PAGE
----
Based on findings from stage one, we then undertake detailed analysis of the client’s site to understand the potential of the current infrastructure and what upgrades are needed to support future fleets. Doing this allows us to identify the best and most cost-effective charging/ fuelling options to match the council’s operational needs. Further factors include considering the requirement for energy monitoring and charging management software and if these could be integrated within the existing fleet software.

Using our total cost of ownership modelling tool, we then evaluate the economic viability of the identified transition options across the timeframe. This often also includes a qualitative discussion of potential financial and business models within the automotive and related infrastructure sectors – examples include Mobility and Charging As A Service. We also review potential funding sources available through UK, national and regional bodies, as well as any innovation funding to support trials of new technology.

At this stage a strategy has been produced and supported by a clear roadmap taking all insights from stages 1, 2 and 3. This will enable organisations to transition safely and economically to a zero emissions fleet within the prescribed timeframe. Our recommendations also cover growth/reduction scenarios for vehicles and infrastructure, financial considerations, roll-out programmes, milestones and procurement strategies.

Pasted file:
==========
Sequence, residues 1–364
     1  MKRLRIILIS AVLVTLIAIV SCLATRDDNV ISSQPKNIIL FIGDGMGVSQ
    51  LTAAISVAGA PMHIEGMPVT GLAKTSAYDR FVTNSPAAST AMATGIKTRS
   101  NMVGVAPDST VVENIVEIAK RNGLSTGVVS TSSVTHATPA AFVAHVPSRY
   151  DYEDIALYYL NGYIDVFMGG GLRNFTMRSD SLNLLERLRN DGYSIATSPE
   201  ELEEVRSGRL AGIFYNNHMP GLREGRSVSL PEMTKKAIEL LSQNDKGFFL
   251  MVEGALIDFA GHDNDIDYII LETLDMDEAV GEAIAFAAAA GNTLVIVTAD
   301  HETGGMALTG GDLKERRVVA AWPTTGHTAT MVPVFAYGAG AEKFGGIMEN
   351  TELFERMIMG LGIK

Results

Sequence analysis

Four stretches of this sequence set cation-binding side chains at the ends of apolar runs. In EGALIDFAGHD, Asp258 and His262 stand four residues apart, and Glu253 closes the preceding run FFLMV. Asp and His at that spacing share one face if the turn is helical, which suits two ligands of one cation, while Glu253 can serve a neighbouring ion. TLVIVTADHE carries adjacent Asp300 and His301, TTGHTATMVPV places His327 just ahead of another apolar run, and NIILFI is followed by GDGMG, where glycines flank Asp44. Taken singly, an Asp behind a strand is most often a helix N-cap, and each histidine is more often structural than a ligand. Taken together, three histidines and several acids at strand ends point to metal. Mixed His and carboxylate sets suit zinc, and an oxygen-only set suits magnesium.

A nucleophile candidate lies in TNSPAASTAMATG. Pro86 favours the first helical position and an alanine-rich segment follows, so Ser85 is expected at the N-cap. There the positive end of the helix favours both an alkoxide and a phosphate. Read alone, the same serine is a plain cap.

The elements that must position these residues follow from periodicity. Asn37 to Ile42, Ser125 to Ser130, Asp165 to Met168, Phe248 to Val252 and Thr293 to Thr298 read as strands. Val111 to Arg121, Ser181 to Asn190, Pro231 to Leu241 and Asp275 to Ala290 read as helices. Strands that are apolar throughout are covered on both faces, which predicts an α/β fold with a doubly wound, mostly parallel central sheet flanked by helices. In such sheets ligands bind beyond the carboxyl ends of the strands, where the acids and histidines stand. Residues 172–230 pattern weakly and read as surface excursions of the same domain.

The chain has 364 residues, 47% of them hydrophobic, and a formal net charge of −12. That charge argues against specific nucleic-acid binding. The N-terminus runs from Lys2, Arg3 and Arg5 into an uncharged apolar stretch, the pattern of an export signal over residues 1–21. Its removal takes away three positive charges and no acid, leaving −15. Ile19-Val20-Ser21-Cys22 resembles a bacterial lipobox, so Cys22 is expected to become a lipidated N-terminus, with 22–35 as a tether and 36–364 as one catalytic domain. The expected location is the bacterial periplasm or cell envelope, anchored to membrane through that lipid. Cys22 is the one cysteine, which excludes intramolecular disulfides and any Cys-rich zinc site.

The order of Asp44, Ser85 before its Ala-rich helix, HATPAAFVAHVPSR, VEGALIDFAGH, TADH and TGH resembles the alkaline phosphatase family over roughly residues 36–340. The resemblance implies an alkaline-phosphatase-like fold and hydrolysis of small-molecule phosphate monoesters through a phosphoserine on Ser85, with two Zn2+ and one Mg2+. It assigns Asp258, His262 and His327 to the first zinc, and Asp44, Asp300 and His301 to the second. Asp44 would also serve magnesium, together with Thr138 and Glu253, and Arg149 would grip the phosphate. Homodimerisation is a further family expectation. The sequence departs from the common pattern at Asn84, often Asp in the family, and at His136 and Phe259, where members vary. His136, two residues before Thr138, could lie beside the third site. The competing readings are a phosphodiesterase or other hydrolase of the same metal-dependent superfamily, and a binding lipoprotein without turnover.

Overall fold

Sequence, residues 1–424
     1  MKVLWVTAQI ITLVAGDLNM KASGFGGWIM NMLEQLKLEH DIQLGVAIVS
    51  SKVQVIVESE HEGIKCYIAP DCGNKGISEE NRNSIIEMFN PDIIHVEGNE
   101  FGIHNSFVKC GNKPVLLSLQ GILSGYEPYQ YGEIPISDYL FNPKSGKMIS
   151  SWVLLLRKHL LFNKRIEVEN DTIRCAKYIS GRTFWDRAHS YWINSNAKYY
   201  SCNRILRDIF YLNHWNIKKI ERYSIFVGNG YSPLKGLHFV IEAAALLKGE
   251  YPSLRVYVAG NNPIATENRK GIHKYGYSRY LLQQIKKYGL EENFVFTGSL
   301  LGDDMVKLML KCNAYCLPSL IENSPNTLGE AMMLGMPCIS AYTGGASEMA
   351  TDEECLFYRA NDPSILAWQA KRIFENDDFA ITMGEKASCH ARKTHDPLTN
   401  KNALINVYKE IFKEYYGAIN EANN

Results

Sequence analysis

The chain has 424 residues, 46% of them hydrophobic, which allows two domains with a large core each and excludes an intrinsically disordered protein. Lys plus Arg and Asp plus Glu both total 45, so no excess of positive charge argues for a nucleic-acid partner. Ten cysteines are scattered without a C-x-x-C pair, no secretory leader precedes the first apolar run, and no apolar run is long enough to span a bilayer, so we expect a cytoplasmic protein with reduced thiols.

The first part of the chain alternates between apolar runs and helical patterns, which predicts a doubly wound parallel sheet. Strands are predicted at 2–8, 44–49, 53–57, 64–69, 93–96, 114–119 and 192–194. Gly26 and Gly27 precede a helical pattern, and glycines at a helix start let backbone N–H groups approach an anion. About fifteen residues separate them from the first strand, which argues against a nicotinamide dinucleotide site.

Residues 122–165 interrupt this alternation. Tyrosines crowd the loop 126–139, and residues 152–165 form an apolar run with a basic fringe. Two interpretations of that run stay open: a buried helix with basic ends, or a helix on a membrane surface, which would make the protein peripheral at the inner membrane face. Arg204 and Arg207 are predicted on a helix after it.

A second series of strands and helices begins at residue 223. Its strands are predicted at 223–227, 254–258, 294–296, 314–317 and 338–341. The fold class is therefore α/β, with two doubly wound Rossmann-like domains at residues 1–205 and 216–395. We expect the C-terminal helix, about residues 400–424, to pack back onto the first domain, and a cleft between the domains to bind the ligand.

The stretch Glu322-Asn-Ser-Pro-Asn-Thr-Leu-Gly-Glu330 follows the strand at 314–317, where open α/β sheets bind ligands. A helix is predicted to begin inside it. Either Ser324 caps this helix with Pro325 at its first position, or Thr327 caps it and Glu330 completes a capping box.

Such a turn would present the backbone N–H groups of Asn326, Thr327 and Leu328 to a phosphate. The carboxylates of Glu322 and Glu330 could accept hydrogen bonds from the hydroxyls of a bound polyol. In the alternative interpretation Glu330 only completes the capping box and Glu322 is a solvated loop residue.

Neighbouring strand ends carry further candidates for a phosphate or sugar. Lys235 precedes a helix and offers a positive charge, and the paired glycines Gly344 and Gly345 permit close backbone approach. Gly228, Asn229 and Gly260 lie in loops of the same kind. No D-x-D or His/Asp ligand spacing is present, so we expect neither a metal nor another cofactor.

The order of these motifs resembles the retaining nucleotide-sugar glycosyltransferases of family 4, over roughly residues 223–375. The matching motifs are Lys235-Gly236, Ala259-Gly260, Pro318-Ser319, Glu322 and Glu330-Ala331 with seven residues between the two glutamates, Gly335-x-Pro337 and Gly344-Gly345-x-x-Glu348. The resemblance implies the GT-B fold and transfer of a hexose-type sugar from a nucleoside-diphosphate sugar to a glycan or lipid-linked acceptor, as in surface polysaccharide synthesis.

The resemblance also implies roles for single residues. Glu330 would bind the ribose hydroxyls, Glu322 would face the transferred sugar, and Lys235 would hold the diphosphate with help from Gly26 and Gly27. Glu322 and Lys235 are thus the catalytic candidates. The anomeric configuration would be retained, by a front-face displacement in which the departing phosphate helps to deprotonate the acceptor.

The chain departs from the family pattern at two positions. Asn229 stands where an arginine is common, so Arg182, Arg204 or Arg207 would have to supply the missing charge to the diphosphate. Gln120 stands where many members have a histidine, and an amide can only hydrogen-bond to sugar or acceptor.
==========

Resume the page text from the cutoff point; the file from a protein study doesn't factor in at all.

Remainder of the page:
Q: Using Swindon Borough Council as an example, how do you advise operators of diverse fleets on vehicle alternatives and charging infrastructure and what are the other key first steps?

The two key questions we ask clients at the start of any decarbonisation project are: how has the fleet operated to date – which takes into account whether there is a centralised depot, are all vehicles returned to a central location at night and what are the current health and safety provisions? And secondly, what do they hope it looks like in the future? Combined, the feedback from these questions gives us a good indication of the current challenges and opportunities, as well as what the roadmap to decarbonisation needs to consider. For example, during our work with Swindon Borough Council, understanding the current infrastructure compared to its net zero ambitions meant we were able to establish a clear roadmap with available power provision for the central depot sitting at the heart of the plan. This defined transitional milestones across the timeframe, as well as phased infrastructure development and the economic pathway to deliver a zero emissions fleet.